Fox News baselessly stoked fears that undocumented immigrants would be able to vote if they received identification cards in New York City.
Mayor Bill de Blasio gave his first State of the City address on February 10, in which he announced a plan to offer identification cards to all residents, regardless of their immigration status.
On the February 12 edition of Fox's The Real Story, host Gretchen Carlson reported on de Blasio's announcement and falsely suggested that the plan is intended to permit undocumented immigrants to vote. She asked guest Emily Tisch Sussman:
CARLSON: So, Emily, am I to assume that the reason that de Blasio would want this is so that people can move on to vote? I mean, I don't really understand -- what do you think his whole effort is in this?
SUSSMAN: We do really see that having these either ID cards or driver's licenses for the undocumented, does actually promote public safety. You know, those who are involved in fatal car crashes, one in five have not gone through the proper training of a driver's license, it would bring them into that kind of system. It would have more economic security for those. It would have better trust with the police -- it really does bring them in in a number of ways.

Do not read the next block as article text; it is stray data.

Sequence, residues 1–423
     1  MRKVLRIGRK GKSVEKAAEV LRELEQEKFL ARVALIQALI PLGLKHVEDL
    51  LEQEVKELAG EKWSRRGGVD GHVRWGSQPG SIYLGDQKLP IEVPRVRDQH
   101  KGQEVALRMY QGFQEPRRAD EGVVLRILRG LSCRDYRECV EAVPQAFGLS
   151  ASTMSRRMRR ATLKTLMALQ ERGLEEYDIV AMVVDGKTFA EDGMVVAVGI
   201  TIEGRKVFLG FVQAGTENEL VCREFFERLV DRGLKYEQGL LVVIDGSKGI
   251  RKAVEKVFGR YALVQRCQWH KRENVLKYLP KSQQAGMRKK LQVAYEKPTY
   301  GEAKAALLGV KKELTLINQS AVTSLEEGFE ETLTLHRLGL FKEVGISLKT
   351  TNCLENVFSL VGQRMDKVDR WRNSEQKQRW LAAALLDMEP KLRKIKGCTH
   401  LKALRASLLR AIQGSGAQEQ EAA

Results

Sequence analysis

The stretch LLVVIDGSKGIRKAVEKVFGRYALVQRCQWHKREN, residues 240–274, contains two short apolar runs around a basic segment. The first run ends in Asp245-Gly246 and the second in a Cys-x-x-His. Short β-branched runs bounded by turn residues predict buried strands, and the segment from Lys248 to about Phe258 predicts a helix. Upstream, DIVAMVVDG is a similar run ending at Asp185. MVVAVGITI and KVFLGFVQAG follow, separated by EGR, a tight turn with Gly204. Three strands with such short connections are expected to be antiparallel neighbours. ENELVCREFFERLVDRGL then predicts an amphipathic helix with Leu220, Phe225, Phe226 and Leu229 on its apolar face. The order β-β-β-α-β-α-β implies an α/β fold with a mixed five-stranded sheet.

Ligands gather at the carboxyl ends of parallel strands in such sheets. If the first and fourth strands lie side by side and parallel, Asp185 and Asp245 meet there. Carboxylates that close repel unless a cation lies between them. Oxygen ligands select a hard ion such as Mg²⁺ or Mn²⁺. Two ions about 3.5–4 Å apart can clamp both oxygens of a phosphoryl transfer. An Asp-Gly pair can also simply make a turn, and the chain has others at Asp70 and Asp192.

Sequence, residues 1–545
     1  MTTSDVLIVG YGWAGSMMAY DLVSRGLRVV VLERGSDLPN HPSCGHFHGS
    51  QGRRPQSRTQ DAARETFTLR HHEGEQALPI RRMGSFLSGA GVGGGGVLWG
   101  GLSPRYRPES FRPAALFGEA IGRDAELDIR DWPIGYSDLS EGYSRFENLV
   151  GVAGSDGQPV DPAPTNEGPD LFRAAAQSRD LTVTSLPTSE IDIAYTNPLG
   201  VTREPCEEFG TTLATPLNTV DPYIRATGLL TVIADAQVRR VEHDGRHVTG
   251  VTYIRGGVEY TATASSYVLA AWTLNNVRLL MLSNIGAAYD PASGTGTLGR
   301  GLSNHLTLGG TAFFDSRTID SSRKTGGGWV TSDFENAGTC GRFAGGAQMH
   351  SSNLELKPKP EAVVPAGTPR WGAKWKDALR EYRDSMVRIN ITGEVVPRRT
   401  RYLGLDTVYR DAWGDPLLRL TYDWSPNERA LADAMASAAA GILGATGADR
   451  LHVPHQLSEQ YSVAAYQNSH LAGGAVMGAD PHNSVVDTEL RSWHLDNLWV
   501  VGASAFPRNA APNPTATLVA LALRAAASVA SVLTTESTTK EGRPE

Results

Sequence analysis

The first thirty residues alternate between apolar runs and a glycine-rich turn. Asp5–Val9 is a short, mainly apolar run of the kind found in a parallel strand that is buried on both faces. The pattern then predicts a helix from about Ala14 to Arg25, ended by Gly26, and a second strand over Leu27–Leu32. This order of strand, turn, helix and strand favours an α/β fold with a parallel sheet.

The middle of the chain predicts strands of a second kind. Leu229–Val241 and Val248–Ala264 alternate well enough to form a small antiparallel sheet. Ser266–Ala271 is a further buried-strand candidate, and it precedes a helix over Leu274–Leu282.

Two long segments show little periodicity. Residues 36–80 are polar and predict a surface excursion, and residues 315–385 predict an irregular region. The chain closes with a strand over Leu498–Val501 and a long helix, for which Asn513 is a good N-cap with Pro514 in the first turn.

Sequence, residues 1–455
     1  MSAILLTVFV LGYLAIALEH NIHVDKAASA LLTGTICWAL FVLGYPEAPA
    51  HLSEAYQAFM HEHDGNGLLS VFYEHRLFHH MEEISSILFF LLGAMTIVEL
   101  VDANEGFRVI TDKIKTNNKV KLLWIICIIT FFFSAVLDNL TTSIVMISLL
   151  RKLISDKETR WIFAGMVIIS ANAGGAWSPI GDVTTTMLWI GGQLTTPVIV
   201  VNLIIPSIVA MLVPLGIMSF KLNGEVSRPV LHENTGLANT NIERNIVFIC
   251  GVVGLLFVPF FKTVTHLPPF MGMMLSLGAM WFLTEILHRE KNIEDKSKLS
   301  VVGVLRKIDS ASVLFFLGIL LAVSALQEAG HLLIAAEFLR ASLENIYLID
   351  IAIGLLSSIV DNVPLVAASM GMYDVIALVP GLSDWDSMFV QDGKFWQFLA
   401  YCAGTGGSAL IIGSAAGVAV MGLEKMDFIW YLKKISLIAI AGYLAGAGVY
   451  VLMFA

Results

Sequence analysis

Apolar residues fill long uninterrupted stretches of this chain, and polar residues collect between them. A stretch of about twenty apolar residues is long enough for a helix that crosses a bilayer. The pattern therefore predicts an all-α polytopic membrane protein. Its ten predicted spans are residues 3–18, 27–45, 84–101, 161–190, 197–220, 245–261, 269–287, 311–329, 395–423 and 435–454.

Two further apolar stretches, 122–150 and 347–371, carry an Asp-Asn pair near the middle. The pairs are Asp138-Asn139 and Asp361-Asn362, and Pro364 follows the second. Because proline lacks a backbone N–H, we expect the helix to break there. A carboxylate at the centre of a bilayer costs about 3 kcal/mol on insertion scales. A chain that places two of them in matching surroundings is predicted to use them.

Carlson's concern that giving undocumented immigrants municipal IDs would lead to them voting is nothing short of odd -- Carlson provides no evidence for it. And in order to register to vote in New York City, you must be a U.S. citizen -- a municipal ID card does not grant citizenship. In fact, the purpose of the ID cards, as de Blasio said in his speech and the Center for Public Democracy explains, is to:
· Improve community safety by making it easier for those without state-issued ID to interact with local authorities.
· Improve access to financial services by providing a form of ID that will allow those without other forms of identification to open bank accounts.
· Mitigate impact of racial profiling.
· Make symbolic statement of welcome and solidarity to immigrant residents.
· Promote unity and sense of membership in the local community among all residents.
The Center conducted case studies in several municipalities and found that "Municipal ID's are giving people easier access to local services and institutions, reducing fear of police interaction, and fostering a sense of belonging and shared identity."